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Knowing When Not to Trade

May 16, 2011 3:54 PM ET
JasonGordon profile picture
JasonGordon's Blog
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Seeking Alpha Analyst Since 2009

My passion is trading stocks. I am a student of the markets just like you. Follow me as I learn new things and analyze the markets. http://www.swing-high.com

Last Monday was my first day-trading session of the summer. I made $200 and felt great about getting off to a good start. Tuesday, I was lucky to only lose what I lost.

A buddy from who lives in Pittsburgh (I live near Philadelphia) was home for that weekend, and Monday night was one of his last nights in town. Therefore, it felt appropriate to have a small party around a fire in his backyard where we drank and socialized until the wee hours of Tuesday morning. I finally got to sleep around 4 am on Tuesday morning; I woke up again to start my second day-trading session around 9:15 am.

Multiple factors were playing against me before I even started trading on Tuesday. Not only was I getting a late start to trading, but I was very tired from the night before. On top of that, I was probably a little over-confident because of my gains the day before. So began my trading day.

Almost immediately, I lost $100 by getting stopped out of two trades with $50 risked. Talk about a wake up call. By the time lunch rolled around, I was down somewhere in the neighborhood of $150 to $200. My positions were not moving in my favor, and for the most part they were not moving at all. So I made lunch and sat down on the couch in front of Bloomberg TV. My cat joined me on the couch and sat on my lap, and when the food coma set in, I dozed off. I dozed off with two positions totally approximately 1500 shares! (To make things worse, only one of these positions had a stop limit order in place. The other one was completely exposed to whatever movement the market decided to take.) This state of mind lasted for about half an hour, during which I woke up a couple of times and thought about closing out my positions and calling it a day. Instead, I continued the misery. I dropped one of my positions and continued to trade the other one a few more times. Every trade was poorly planned and miserably executed. The day ended and I lost about $330.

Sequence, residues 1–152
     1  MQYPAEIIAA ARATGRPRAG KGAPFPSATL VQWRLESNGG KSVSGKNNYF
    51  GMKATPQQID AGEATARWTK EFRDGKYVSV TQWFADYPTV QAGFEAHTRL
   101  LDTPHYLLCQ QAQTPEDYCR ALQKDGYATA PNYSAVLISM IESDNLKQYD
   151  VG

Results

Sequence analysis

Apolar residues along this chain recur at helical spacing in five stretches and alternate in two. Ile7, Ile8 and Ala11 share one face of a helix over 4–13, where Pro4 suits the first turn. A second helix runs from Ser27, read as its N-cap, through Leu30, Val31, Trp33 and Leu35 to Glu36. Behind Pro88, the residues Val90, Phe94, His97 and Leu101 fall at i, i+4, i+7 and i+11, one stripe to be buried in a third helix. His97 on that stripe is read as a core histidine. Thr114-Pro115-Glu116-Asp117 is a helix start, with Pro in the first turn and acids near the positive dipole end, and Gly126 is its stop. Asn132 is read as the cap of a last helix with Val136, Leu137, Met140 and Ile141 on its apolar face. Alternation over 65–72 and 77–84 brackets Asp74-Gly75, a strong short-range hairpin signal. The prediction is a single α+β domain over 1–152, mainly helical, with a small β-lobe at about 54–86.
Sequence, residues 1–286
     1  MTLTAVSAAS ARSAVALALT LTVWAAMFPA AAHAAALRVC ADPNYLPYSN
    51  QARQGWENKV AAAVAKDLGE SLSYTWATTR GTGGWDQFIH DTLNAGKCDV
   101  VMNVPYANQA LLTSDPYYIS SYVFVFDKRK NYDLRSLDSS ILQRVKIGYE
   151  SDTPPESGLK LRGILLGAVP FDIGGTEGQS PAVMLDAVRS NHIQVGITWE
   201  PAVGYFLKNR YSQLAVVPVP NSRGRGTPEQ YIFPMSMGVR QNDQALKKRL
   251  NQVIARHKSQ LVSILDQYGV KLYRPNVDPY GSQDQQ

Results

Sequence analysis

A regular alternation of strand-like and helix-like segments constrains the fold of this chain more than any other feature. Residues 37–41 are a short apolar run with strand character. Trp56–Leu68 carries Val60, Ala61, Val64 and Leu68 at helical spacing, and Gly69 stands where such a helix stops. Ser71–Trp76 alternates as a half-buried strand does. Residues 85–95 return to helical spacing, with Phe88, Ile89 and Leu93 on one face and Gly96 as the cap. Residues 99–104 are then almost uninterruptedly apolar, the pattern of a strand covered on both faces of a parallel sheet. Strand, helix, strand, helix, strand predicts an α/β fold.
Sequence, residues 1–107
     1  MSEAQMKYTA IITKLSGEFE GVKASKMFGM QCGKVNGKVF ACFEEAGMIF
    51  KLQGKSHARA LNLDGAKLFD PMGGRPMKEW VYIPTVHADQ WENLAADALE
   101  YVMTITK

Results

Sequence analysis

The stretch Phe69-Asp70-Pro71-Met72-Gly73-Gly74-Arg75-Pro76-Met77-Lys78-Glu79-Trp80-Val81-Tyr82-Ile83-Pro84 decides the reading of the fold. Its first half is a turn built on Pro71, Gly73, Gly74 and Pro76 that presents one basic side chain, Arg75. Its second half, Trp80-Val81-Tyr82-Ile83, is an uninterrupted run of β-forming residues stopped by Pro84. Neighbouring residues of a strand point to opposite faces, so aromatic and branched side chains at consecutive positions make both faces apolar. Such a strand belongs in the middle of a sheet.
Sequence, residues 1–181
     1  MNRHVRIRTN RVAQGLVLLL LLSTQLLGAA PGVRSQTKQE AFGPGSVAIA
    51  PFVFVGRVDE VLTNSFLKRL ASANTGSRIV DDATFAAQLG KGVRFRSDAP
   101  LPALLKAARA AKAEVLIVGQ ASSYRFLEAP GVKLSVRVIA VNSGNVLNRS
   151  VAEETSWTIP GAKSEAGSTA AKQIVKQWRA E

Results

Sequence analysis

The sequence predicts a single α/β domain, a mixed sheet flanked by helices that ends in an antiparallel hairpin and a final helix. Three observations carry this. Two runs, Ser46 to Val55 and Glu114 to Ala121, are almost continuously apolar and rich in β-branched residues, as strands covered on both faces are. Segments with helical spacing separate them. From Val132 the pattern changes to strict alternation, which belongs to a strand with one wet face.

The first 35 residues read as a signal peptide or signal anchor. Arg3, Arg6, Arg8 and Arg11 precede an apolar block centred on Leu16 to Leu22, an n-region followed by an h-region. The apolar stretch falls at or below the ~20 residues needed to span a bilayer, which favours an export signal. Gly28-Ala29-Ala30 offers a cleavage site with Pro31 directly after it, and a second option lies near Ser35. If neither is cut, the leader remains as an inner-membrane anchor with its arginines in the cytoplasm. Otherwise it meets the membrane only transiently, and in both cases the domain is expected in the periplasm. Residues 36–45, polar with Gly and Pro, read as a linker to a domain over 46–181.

I learned some very important trading lessons that day. First, make sure you start off with the right mindset. If you are too drowsy, you are probably better off sleeping in a little and trying to trade the second half of the day. Make sure you have the ability to stay in the right mindset throughout the session. This means eating right, sleeping right, and not lounging on the couch (or getting too comfortable for that matter). Also, when trades are not working for you and you feel like you are wrong on every trade, it may be a confidence problem, or it may be that you are not seeing the market well. No matter what the case, that is probably a good time to flatten your intraday positions and walk away. Come back and review why the trades were not working once you are in a better state of mind. Finally, avoid over trading. Just because you went long and the equity has a sudden, sharp decline, does not mean it is time to short. Mental flexibility can be a virtue, but over trading is bound to hamper your profitability.

So I ended up paying a little bit of market tuition last Tuesday. It will probably prove to be worth it in the end.

Thanks for being a part of Swing-High.com! Always trade with a stop loss and manage your risk appropriately.

Happy Trading,


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